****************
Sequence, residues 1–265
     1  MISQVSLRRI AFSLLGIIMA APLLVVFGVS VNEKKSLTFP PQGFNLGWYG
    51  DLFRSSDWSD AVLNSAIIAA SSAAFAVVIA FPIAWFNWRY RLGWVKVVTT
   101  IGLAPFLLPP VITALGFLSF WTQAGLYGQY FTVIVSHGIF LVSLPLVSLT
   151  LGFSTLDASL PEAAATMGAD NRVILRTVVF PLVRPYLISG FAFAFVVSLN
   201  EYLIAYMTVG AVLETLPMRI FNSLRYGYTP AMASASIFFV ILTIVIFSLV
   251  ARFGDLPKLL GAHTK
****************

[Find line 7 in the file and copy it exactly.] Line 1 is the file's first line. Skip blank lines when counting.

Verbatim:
   251  ARFGDLPKLL GAHTK